Trump’s first 100 days: ‘A tidal wave of threats that the Secret Service can’t ignore’

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Law enforcement sources say it’s only a matter of time before more permanent security protections need to be added at some of President Donald Trump’s properties beyond the White House. | Getty

It’s never easy for a new president to transition into his security bubble, but Donald Trump comes with unconventional protection challenges — including his active Twitter life — that are testing the Secret Service in unpleasant and costly ways.

Trump’s free-flowing tweets have invited more threats than his security detail can keep pace to investigate. On top of that, he’s been telegraphing his movements for the bad guys by establishing regular travel patterns in his first 100 days in office. And his very famous family is jetting around the world, draining the resources of a bureau still gasping from the frenzied pace of the 2016 campaign.

All presidents live in a target-rich environment — agents often talk of mentally-ill people approaching the White House gates making threats against long-gone leaders like Jimmy Carter or Ronald Reagan. But law enforcement experts say the new Republican president has particularly upped his exposure levels through Twitter, with the missives emanating from his phone giving the masses the impression they can correspond directly with Trump.

“The Twitter thing is creating a lot of hassles,” said Dan Bongino, a former protective detail agent for presidents George W. Bush and Barack Obama. “It’s generated a tidal wave of threats that the Secret Service can’t ignore.”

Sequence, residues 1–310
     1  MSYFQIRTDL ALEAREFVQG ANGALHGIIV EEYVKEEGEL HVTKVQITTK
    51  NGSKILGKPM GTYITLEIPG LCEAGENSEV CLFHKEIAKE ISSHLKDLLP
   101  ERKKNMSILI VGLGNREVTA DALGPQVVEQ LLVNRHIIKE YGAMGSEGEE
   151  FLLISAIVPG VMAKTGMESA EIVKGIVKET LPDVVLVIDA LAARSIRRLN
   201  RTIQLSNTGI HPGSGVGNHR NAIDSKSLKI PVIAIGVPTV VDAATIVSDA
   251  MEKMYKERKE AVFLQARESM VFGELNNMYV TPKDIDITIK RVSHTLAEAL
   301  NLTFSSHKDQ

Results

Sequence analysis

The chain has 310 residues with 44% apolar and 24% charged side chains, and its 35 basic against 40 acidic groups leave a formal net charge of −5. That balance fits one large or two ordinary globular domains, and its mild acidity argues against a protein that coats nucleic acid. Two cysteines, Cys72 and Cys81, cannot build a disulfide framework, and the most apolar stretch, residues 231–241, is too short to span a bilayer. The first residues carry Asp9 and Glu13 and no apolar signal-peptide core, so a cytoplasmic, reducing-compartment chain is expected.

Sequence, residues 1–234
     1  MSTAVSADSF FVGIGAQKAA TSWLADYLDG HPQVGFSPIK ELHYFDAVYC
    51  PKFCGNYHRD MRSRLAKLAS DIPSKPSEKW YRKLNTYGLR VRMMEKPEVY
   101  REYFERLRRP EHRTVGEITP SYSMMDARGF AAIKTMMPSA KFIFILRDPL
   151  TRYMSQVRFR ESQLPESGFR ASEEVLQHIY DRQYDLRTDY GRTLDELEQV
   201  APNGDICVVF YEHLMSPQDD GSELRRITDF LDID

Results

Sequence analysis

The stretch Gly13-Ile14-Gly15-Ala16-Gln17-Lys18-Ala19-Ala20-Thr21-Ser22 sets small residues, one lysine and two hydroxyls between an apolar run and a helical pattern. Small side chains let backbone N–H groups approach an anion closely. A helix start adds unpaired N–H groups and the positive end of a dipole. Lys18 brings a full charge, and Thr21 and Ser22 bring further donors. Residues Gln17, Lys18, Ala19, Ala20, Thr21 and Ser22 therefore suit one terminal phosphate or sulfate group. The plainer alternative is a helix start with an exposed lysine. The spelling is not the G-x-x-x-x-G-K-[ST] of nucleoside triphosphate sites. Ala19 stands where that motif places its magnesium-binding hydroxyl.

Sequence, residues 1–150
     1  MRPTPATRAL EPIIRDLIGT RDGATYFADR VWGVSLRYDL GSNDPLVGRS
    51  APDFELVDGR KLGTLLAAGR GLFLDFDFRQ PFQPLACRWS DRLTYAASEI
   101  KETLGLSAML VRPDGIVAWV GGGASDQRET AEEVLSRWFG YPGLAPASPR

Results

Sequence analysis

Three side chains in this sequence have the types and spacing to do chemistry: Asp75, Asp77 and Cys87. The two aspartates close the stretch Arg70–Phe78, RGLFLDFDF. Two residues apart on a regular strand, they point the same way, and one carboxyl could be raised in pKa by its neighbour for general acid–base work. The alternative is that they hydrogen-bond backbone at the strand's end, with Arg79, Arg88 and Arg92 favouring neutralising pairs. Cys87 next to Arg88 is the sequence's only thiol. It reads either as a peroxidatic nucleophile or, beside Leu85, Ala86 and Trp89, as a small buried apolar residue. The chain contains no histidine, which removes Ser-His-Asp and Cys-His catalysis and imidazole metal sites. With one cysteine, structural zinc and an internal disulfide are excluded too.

Bongino, who has written a book on the Secret Service’s challenges in protecting Trump that’s scheduled for publication later this summer, said the Secret Service is ill-equipped to make its way through all the social media threats. It can’t tell Trump to stop tweeting. And it also is still haunted by the example of Sara Jane Moore, a woman who attempted to assassinate President Gerald Ford in 1975 months after the Secret Service evaluated her but found she wasn’t a threat.

“It’s an arithmetic impossibility to interview every single person who sends a threat. It’s not possible,” he said. “By necessity they have to triage what’s credible and what’s not and it’s tough to do by just looking at a 140-character tweet.”

Another big challenge in protecting Trump — codenamed “Mogul” to commemorate his billionaire business background — starts with the way he’s been traveling around the country. While the president has managed to keep hotel costs down by spending all his nights since inauguration at either the White House or his South Florida seaside retreat, it’s the recurring weekend trips to his private Mar-a-Lago club that are giving current and former Secret Service agents some pause.

“I used to joke if we don’t know where we’re going then the jackal doesn’t either,” Bongino said. “Patterns always hurt.”

 

Source/More: POLITICO

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